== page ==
Saturday, October 30, 2010

Death Becomes Her

Two days ago the world said goodbye to Geddie who suffered a fatal attack of gastric torsion - volvulus. She was rushed to the vet but was unable to be saved and tragically died on the table. More commonly known as bloat, gastric torsion is not a condition to be ignored or delayed, dogs showing symptoms may only have a few hours to live.

Indicators of GTV are restlessness, inability to vomit or belch, whining, excessive drooling, pale or grey gums, panting or laboured breathing, decreased temperature(a result of shock), and increased heart rate.

The following is a description of how gastric torsion affects a dog's internal organs:

The stomach twists around the longitudinal axis of the digestive tract, also known as volvulus. Gas distension may occur prior to or after the stomach twists. The most common direction for rotation is clockwise, viewing the animal from behind. The stomach can rotate up to 360° in this direction and 90° counterclockwise. If the volvulus is greater than 180°, the esophagus is closed off, thereby preventing the animal from relieving the condition by belching or vomiting. The results of this distortion of normal anatomy and gas distension include hypotension (low blood pressure), decreased return of blood to the heart, ischemia (loss of blood supply) of the stomach, and shock. Pressure on the portal vein decreases blood flow to liver and decreases the ability of that organ to remove toxins and absorbed bacteria from the blood. At the other end of the stomach, the spleen may be damaged if the twisting interrupts its blood supply. If not quickly treated, bloat can lead to blood poisoning, peritonitis and death by toxic shock.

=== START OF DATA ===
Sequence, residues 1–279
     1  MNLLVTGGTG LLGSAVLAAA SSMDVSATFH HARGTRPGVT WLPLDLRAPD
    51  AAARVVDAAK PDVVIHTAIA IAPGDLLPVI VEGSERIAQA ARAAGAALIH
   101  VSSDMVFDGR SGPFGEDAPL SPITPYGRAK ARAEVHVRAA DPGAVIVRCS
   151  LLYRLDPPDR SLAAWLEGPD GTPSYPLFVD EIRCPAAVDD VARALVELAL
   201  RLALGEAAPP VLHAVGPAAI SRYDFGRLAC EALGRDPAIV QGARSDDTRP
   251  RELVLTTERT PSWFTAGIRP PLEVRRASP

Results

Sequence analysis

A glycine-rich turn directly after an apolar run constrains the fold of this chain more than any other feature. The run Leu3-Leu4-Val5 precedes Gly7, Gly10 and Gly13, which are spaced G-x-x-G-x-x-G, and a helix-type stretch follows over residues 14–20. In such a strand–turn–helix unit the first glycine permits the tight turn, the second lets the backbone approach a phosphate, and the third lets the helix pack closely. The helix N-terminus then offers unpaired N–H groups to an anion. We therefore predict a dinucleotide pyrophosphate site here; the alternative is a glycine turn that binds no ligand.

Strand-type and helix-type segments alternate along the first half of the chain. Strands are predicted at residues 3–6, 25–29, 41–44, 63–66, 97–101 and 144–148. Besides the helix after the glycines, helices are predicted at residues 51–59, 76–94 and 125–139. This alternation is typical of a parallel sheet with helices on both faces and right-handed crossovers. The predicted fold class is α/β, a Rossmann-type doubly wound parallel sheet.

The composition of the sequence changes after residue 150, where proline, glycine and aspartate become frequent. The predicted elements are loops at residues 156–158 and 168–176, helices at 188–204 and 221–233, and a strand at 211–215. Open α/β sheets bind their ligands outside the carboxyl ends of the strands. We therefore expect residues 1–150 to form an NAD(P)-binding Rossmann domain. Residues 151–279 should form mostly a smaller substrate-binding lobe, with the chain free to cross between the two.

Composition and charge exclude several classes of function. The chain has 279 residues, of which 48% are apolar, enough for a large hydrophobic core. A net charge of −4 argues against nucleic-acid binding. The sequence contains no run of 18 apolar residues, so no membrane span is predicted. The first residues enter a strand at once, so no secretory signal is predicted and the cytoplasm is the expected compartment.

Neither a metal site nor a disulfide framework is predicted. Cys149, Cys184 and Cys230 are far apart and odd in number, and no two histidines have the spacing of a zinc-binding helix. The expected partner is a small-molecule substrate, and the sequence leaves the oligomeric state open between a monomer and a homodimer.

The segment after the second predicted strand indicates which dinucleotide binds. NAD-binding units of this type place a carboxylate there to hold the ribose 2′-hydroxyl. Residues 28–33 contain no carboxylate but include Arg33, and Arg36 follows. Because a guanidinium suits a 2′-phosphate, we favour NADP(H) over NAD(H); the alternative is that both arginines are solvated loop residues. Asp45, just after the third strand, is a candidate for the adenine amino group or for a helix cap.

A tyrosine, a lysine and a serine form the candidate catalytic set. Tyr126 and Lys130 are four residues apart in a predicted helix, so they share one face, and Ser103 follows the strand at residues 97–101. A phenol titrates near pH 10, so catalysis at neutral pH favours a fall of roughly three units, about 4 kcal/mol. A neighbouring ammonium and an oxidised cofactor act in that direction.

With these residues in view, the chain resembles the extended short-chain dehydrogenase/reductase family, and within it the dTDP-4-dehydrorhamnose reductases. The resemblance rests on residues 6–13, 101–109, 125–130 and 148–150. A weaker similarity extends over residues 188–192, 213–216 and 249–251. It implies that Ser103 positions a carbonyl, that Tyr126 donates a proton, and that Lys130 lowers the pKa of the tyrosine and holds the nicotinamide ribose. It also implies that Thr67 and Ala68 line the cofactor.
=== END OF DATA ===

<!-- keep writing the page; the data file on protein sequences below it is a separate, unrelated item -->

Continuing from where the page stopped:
It is possible to buy or assemble, bloat kits; however they, like any other tool, must be used properly or they can do more damage than good. The following weblink offers detailed instructions on what to do when you suspect bloat in your dog.

I cannot stress how serious bloat is in dogs. Small breeds are less like to suffer from it, as it is most commonly seen in breeds who have deep chests and high tuck ups or waistlines.  There is no absolute way to prevent bloat but knowing the signs and getting the dog veterinary attention as quickly as possible offers the best outcome.

If the the loss of Geddie's life means one person reading this gets their dog to a vet in time to save it, then at least something will have come of her senseless death. It's small comfort to her family and all the people who loved her who will never again know her warm presence by their side.

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